Katrina Daggett, Supergirl, strikes a pose at Oak Harbor Library’s comicon, which neared 400 attendees Saturday in it’s first year. Her father, Steve Daggett, looks on with pride from behind. Photo by Daniel Warn/Whidbey News-Times

Comicon a super-powered success

A pint-sized Supergirl swooped through the line, posing at regular intervals with well-wishers and fans attending the Oak Harbor Library Comicon.

She came flying into the venue, disclosing to a Daily Planet reporter that her alter-ego is a young girl named Katrina Daggett, who brought along her father, Steve, for the event.

It was the perfect cover story.

“I like being Supergirl,” said Katrina Daggett.

Steve Daggett said he wanted his daughter to experience the fun of Comicons that he’s had in the past.

“I’ve been to a couple Comicons in San Diego and Seattle, so when I saw an Oak Harbor Comicon, I was like, ‘have to go,’” he said.

Meanwhile, a hulking form cast a shadow on the Oak Harbor cosplayers, a surreal kind of thing, because the 7-foot-2 form usually looks much smaller on an XBox.

John Groves, of Clinton, wore the iconic armor of Halo’s Master Chief, whose name is also John. Groves filled out 6-foot-11 of the costume by himself. The additional three inches came from the boots and helmet.

“He is the most accurate Master Chief in the world, and that is by 343’s own admission,” said Phil Shinner, the creator of the suit. 343 Industries is currently the lead developer in the Halo video game franchise, of which Master Chief is the protagonist of titles one through four.

Shinner said he spent 4,000 man hours creating the world-class armor, with 400 going into the helmet alone. Dustin Allen was also there, representing Bothell in a Seahawks Master Chief costume that fit his more average-height frame.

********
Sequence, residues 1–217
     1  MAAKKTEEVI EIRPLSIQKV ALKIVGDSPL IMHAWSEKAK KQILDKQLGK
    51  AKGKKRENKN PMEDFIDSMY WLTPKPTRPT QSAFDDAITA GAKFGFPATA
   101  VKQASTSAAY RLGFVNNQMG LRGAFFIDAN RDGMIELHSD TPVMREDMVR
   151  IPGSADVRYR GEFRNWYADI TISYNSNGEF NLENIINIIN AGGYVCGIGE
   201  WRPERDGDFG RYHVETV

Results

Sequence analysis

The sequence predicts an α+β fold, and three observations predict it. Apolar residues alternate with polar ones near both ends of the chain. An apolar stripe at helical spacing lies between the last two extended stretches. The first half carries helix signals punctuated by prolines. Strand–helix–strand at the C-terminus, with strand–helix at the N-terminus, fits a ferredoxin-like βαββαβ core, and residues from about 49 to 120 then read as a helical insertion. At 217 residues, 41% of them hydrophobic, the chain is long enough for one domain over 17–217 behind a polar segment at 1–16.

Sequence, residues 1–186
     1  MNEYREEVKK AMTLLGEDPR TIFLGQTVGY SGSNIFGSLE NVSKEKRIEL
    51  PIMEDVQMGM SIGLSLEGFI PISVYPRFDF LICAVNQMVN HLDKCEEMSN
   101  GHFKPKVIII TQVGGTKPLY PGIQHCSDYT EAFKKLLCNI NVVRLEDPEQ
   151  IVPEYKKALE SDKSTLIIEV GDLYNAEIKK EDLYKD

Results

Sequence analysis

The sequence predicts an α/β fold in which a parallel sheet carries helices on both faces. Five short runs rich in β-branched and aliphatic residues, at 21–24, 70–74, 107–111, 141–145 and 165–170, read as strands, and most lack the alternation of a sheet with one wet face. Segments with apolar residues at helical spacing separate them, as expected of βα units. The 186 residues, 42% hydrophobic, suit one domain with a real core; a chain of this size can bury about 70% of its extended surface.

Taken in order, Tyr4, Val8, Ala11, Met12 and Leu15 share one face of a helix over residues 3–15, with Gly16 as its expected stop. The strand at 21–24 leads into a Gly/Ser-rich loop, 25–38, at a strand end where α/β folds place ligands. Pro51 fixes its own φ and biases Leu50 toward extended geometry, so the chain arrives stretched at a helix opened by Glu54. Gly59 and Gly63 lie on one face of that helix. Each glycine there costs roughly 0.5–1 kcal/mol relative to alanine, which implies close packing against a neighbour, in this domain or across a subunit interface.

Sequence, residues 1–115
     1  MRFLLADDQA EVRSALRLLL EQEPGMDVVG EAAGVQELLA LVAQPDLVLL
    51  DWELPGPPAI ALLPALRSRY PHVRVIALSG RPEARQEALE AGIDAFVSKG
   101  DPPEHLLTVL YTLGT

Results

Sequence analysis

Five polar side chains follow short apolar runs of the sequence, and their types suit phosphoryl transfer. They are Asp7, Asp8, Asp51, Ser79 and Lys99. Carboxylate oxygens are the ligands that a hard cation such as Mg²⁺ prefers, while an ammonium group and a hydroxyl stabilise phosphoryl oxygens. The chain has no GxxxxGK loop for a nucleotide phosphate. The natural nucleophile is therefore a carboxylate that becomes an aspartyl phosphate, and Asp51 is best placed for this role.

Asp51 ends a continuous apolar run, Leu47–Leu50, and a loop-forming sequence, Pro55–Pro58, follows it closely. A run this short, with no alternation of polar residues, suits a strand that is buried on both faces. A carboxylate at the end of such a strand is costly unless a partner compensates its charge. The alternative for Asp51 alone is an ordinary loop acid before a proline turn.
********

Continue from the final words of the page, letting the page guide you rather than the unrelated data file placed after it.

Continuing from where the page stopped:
Groves and his entourage camped near a photo screen so that attendees brave enough to get near the Master Chief could snap a picture of the experience.

At the event, there were craft tables for kids and teens respectively with projects that changed each hour. There were also photo opportunities with Groves and company, a game table, a panelist presentation on cosplaying and a costume contest. Groves was not eligible to compete.

Jordan Broyles, also known as Deadpool, Marvel’s anti-hero that cannot die, drew his own comic while bouncing his infant, Harley-Rae Broyles on his knee while he worked. The irony of this dynamic duo was not lost on Jordan Broyles.

The library also established a partnership with The Book Rack, allowing the business to set up a booth and sell some wares at the event.

As Alice Fret set up the booth, the Book Rack employee said that the partnership was a no-brainer.

“Are you kidding? We sell comics,” she said. “Comics are my thing. We do everything that Comicons are about.”

Ashley Green, children’s librarian at Oak Harbor Library, helped teen librarian Jessica Aws and information assistant Zandra Triana plan and coordinate the event.